Coalition strikes kill at least 10 Yemen civilians
Saudi-led coalition air strikes killed at least 10 civilians in a battleground town southeast of Yemen’s third city Taez on Saturday, the rebels, a medic and a loyalist official said.
The rebel-controlled sabanews.net website said 10 people were killed and seven wounded when the strikes hit residential buildings in the town of Salo where clashes with government forces are raging.
It said rescue workers were still recovering bodies from under the rubble.
A doctor at the town’s public hospital said it had received the bodies of 15 dead and was treating seven wounded.
A local official loyal to the Saudi-backed government said a child and seven women were among 11 people killed when two coalition air strikes hit three adjacent homes by mistake.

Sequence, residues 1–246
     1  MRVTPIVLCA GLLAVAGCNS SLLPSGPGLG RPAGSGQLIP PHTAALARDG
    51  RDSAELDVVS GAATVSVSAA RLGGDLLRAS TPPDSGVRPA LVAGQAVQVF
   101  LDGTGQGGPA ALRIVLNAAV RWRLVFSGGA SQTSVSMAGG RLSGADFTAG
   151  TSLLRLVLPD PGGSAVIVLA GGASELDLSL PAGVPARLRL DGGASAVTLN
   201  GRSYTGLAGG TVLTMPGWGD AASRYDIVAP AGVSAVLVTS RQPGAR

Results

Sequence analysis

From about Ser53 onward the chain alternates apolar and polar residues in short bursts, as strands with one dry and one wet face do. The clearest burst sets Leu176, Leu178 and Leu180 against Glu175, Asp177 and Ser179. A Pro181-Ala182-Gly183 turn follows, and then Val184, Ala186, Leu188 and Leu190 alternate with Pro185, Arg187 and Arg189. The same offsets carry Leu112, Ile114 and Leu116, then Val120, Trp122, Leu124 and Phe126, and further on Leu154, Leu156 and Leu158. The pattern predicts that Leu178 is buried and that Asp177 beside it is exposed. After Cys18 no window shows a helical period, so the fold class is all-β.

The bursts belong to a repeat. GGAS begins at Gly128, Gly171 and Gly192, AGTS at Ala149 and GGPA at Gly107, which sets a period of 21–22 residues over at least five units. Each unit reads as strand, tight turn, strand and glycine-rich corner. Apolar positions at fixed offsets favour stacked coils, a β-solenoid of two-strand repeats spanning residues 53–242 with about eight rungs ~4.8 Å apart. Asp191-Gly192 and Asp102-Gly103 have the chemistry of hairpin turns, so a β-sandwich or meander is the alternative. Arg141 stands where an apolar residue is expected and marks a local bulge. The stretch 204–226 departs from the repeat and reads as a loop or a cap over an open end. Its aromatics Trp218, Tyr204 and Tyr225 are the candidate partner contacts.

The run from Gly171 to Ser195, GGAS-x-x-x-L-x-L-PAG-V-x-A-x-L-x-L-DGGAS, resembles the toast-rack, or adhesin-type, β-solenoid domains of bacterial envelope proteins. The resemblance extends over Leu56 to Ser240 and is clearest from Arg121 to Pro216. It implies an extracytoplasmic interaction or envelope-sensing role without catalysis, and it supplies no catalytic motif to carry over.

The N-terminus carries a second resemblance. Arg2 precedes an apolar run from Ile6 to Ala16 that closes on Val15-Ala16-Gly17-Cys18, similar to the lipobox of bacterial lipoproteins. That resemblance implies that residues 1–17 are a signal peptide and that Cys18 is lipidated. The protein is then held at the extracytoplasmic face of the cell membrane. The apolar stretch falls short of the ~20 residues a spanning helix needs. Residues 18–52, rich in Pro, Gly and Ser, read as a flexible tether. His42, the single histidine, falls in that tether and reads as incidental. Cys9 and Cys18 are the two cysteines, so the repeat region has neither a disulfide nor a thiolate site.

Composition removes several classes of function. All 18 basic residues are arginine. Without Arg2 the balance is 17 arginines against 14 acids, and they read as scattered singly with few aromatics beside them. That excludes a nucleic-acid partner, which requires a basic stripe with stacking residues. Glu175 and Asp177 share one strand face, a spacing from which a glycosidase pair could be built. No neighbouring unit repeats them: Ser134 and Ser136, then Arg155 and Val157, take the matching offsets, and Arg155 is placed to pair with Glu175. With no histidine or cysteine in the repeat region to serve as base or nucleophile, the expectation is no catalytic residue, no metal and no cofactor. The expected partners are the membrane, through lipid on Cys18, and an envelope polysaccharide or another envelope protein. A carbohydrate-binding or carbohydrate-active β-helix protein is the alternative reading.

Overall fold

“All those in the houses were killed,” he told AFP.
The Saudi-led coalition has come under mounting international criticism for the high civilian death toll from the bombing campaign it launched in support of President Abedrabbo Mansour Hadi’s government in March last year.
An October 8 strike that killed more than 140 people attending a funeral ceremony for the father of a rebel leader in the capital Sanaa drew condemnation even from close Western allies.
The town of Salo has been the scene of fierce fighting for months as pro-Hadi forces attempt to advance towards Taez, where the government garrison is almost entirely surrounded by the rebels and dependent on a single supply line from the south.
The rebels have been attempting to block the advance which would allow reinforcements to be brought up directly along the main road from the government’s headquarters in second city Aden to the south.
Thousands of people have been forced from their homes by the fighting.
The rebel news agency said that those killed in Saturday’s air strikes were among them.
Nationwide, three million Yemenis have been driven from their homes since the Saudi-led intervention began.
Nearly 7,000 people have been killed, most of them civilians and, more than than 35,000 wounded.
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